Science fiction writers must feel like the future is getting too close with all the news about a 3D printer winging its way to the International Space Station (ISS), skintight spacesuits, and plans for construction of a space elevator.
This month, the SpaceX Dragon blasted off from Kennedy Space Center on a cargo delivery mission to the ISS, along with nearly two dozen mice and components for more than 200 scientific experiments.
The deliverables include a 3D printer designed for zero gravity. Although tech-watchers have been tracking 3D printing for some time, this is the first time such a device is making it way to Earth orbit.
The microwave oven-sized device, developed by a startup appropriately called Made in Space, can create objects up to 2 x 4 x 2 inches and uses ABS plastic. Printing plans for this first test include parts, small tools and containers — the kind of things astronauts might need on a daily basis.
The Made in Space 3D printer
At this point, however, the printer is still Earth-oriented, as it will be controlled from the ground. But it points to the day when humans can make parts and possibly entire devices in space.
And, with 3D printing of food already being tested out, how long before Star Trek-like food fabricators will emerge? Eventually, with space-reaped energy and building materials derived from other planets, space explorers will, like offspring who leave the nest, have little need for their Mother Earth.
But wherever they go, astronauts could use a snappier spacesuit, and M.I.T. researchers are a step closer to that goal.
The in-development MIT BioSuit will be skintight, providing yet another reason why astronauts, like their idealized visions in countless space movies and TV shows, cannot be fat.
This week, the research team announced that it had engineered “small, springlike coils” from a shape-memory alloy that “remembers” a shape that it returns to when heated.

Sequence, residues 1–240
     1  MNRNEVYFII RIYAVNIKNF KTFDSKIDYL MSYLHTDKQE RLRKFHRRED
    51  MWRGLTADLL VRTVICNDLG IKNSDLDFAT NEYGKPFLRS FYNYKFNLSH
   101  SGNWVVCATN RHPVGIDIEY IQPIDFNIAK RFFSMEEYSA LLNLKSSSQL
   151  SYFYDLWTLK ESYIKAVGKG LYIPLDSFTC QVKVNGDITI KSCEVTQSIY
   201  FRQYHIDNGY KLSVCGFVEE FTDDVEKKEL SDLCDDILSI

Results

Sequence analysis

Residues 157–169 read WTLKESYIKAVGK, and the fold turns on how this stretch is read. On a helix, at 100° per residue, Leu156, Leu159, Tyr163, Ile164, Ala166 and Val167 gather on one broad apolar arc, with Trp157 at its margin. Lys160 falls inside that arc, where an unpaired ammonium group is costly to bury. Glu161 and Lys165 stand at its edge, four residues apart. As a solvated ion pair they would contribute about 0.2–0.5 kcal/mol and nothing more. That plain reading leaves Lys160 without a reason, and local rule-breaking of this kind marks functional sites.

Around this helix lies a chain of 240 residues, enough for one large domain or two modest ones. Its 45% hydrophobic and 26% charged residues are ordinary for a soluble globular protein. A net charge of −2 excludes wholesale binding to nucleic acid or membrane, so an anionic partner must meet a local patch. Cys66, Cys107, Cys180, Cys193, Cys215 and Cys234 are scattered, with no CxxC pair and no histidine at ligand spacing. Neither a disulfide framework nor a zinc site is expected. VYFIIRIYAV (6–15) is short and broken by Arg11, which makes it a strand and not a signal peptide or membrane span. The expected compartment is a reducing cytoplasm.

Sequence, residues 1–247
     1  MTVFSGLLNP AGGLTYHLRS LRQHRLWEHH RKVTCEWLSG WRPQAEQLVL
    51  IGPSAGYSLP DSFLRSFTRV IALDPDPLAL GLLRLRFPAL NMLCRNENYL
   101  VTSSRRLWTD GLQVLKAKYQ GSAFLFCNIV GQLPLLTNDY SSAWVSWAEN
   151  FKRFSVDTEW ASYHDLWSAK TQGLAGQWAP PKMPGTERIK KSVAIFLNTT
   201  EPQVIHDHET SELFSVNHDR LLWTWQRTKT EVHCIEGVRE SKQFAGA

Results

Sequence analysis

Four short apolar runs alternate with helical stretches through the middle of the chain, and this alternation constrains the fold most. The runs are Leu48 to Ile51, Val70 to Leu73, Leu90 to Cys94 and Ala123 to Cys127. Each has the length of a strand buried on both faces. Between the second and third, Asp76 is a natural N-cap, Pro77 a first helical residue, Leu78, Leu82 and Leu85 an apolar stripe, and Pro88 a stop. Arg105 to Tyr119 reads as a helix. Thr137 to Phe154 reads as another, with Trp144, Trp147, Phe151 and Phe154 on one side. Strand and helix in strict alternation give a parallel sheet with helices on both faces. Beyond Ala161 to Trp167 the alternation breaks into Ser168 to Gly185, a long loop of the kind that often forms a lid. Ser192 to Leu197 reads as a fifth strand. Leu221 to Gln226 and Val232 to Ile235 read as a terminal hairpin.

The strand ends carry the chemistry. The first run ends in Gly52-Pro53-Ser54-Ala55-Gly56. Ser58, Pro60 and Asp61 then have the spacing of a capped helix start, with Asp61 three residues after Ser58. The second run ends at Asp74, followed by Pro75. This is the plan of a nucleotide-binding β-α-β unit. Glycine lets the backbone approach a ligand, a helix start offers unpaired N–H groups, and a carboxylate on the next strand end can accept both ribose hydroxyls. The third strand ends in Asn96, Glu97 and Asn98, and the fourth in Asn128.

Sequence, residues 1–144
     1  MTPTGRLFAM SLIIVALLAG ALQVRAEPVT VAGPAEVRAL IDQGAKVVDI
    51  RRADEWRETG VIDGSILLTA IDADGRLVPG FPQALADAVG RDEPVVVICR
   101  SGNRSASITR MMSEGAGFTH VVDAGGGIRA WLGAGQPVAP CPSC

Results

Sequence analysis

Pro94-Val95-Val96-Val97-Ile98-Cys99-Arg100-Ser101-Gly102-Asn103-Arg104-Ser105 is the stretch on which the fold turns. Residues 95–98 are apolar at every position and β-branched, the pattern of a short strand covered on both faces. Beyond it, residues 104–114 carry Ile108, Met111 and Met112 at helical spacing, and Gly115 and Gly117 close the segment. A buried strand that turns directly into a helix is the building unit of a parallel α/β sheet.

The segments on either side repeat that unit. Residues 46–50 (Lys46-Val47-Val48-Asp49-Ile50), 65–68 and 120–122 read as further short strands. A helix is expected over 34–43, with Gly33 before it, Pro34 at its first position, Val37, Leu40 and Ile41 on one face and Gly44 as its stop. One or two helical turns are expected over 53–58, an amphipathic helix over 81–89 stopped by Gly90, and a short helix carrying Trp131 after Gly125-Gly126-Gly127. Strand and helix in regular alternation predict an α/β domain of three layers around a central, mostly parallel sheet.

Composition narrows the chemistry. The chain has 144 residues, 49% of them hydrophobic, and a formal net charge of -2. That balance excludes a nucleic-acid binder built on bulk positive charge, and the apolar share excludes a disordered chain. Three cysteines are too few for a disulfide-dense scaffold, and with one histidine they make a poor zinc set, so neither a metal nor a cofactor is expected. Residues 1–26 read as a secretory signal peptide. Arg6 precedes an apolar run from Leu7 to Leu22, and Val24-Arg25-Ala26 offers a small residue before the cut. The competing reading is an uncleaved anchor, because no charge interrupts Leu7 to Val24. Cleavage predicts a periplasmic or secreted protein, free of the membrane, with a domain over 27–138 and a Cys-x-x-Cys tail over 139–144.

“With conventional spacesuits, you’re essentially in a balloon of gas that’s providing you with the necessary one-third of an atmosphere [of pressure] to keep you alive in the vacuum of space,” aeronautics and astronautics professor Dava Newman said in a statement.
“We want to achieve that same pressurization, but through mechanical counterpressure [with the coils] — applying the pressure directly to the skin, thus avoiding the gas pressure altogether.”
It would be a shame to require that such well-attired astronauts strap themselves down into an upward-looking seat and then ride an explosion into space.
Instead, they can look forward to the most exclusive elevator in human history.
Japanese construction firm Obayashi has announced it intends to build, as part of an international alliance, the long-envisioned space elevator by 2050. Doing so, however, requires the further development of longer carbon nanotubes, which the company thinks will be possible within 35 years.
The space elevator, first imagined in 1895 by Russian scientist Konstantin Tsiolkovsky, will soar 96,000 kilometers up, feature magnetically-powered robotic cars, and each trip will cost only a tiny portion of what it takes to deliver that 3D printer up there.
However, there is one catch in the announced plan. An astronaut on the way to the Space Station would be traveling in that elevator car for seven days.
Via Venture Beat